E: As a producer, how do you decide who to collaborate with and what is your process of executing a project with an artist?
JS: This year I’ve been collaborating a lot and it does take effort to keep it going. Recently, my project with Greg [Grease], dates back to high school. I met him then, I gave him a couple beats, he put me on some of his projects and when I went away to school we lost touch until this most recent project. This one was thorough. I definitely prefer working with someone in the same room. It’s weird sending your beats to someone and just being like, “okay, do your thing”. I prefer being there with the person. I am a professional, so if you want to pay me I’ll work with you but I like the organic process [of collaboration]. If it has longevity and meaning to it, I love working with someone in that way.
E: As a musician, in terms of your performance, what goes through your mind? Do you do anything differently when performing on stage as opposed to in the studio?
JS: It’s a different environment. Live, I definitely can feel a lot of energy. Yes, of course I get stage fright. There’s definitely two different mind sets. I try to follow some advice I once heard: pretend like you’re playing live when you’re in the studio and when you’re playing live pretend like you’re recording. When you’re recording you’re super exposed and you tend to be a lot more conservative in terms of what you’re expressing. When playing live you can let it all hang out.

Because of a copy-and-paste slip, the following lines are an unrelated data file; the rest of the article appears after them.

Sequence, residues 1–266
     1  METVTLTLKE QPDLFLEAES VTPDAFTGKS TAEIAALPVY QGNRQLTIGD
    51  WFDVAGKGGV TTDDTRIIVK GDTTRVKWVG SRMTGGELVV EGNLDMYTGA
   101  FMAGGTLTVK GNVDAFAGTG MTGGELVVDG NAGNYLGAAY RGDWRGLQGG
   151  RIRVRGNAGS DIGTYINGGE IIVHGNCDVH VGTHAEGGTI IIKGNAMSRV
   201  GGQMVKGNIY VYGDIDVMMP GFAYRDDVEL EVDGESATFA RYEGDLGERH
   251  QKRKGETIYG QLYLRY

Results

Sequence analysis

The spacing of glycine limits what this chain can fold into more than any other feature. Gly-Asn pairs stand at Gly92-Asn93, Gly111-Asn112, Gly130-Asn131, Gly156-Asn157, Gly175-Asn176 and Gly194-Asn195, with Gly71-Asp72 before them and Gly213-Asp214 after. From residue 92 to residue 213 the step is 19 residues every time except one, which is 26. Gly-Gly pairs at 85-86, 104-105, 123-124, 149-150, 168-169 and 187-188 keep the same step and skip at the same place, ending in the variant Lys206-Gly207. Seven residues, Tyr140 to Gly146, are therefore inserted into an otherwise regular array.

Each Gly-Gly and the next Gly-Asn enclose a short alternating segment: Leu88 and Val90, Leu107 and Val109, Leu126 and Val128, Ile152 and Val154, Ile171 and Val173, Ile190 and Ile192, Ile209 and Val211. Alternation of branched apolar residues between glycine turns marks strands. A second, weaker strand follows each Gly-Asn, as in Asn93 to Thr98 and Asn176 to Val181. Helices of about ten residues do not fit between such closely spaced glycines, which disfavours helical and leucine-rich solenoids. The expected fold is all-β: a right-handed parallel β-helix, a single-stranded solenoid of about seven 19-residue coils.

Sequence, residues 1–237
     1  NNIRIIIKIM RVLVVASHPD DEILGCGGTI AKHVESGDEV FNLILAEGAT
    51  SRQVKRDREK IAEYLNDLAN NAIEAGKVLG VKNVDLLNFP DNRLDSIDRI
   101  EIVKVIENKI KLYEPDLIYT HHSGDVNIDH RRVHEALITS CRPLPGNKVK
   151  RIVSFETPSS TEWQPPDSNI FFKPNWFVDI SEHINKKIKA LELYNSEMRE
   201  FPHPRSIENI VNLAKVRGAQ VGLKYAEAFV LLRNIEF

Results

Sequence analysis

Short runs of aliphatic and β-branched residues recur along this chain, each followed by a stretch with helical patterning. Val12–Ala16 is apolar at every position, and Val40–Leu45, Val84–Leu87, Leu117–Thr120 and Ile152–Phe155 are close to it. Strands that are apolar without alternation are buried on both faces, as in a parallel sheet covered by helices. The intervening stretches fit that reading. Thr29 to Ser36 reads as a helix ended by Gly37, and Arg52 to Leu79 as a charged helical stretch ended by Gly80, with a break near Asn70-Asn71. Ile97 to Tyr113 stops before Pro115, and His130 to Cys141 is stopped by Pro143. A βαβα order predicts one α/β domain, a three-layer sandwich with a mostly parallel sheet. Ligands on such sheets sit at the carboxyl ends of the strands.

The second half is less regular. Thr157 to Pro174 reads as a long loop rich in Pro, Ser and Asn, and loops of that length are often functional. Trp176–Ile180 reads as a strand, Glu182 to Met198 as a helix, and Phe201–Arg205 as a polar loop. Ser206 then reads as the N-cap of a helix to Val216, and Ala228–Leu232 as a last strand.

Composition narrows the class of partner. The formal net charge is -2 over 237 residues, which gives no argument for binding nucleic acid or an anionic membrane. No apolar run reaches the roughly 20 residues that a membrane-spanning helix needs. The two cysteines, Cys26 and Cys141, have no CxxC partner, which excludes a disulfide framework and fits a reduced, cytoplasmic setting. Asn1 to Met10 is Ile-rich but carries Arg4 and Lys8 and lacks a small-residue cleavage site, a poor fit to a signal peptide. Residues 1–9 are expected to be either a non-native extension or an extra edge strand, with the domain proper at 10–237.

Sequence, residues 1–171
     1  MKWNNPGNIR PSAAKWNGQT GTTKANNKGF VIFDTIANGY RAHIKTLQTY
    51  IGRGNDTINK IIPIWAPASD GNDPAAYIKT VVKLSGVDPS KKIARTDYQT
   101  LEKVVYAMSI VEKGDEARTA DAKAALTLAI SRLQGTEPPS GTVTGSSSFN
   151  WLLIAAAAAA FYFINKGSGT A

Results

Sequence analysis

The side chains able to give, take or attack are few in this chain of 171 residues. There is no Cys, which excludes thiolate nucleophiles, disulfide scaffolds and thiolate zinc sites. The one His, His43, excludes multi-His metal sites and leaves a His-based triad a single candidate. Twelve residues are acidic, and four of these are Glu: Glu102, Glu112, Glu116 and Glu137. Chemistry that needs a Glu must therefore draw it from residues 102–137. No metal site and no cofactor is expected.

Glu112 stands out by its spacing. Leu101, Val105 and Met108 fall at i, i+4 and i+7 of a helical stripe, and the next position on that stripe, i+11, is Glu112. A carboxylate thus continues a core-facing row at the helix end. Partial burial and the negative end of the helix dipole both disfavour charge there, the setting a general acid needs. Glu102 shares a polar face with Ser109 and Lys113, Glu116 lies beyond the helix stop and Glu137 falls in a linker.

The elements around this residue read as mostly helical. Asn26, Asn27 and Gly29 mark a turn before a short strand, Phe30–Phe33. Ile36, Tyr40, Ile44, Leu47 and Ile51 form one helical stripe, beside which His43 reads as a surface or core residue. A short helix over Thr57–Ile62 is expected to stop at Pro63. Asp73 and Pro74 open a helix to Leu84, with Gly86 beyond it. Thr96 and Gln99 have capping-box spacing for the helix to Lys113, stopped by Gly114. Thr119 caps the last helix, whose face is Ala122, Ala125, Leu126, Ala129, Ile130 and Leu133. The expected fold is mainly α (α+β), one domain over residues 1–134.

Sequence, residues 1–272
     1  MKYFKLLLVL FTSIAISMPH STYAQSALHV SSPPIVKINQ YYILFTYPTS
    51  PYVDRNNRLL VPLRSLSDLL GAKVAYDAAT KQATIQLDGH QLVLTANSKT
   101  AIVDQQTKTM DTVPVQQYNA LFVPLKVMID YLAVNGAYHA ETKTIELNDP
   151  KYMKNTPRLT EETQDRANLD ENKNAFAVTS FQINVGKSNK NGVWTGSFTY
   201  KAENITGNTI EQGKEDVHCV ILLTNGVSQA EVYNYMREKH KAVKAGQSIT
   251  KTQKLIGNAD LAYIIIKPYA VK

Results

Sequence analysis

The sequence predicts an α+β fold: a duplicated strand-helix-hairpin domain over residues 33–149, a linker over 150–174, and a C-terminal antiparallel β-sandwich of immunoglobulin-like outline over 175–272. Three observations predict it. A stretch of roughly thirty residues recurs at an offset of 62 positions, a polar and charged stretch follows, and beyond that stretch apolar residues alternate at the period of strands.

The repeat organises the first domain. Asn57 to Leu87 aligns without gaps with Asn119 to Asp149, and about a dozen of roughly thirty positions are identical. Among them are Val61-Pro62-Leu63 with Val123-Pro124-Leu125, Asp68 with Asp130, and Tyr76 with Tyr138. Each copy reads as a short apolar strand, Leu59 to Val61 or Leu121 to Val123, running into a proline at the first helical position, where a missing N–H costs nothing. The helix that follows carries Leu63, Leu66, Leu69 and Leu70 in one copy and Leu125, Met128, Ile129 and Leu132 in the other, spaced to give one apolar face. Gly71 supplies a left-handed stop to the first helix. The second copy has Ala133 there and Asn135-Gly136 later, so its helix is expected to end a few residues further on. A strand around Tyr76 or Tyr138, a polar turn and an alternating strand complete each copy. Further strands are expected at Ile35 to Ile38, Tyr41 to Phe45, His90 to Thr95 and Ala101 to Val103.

E: What is your “practice” routine, if you have one?
JS: Robert Glasper once told me that typical piano “warm-ups” and exercises can become a compulsive need for a pianist, meaning that the pianist feels like they can’t sit down and play unless they do these warm ups. You shouldn’t have to feel obligated, restricted or addicted to doing these warm-ups before you play. You should be able to just sit down and play at any time. [So] I don’t think a strict regime is necessary but, if I don’t play for, say, five days I’ll be out of shape and I’ll feel it.
E: Compare and contrast a bit between being a producer and a jazz musician. Is it difficult to split time between the two?
JS: A lot of it relates to capitalist marketing. What is producing? It’s making beats on the computer or whatever equipment. But at the end of the day, it’s music. Yet, it’s being pigeonholed into a genre so now it’s “electronic” music, or, people might not consider it “jazz”, or, it’s not “classical” because it’s not live and sounds a certain way. That’s marketing to me, fitting it into a genre and then that genre having a demographic tailored for sales. You become a brand. I don’t like to distinguish between genres because then the art that manifests from it sounds contrived and this comes from the industry dictating the way money is made through music.